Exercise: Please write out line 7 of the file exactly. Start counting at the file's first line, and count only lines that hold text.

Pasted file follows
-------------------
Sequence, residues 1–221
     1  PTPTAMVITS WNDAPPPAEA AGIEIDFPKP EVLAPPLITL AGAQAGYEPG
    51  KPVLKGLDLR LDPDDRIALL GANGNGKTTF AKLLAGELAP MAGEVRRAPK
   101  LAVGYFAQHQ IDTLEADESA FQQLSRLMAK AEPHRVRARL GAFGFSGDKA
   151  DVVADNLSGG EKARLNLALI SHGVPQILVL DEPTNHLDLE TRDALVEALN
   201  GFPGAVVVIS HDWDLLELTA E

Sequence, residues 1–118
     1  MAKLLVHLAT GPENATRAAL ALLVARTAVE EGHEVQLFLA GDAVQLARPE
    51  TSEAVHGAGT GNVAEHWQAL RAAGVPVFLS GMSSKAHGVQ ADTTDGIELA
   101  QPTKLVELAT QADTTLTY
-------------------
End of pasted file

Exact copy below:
Sequence, residues 1–118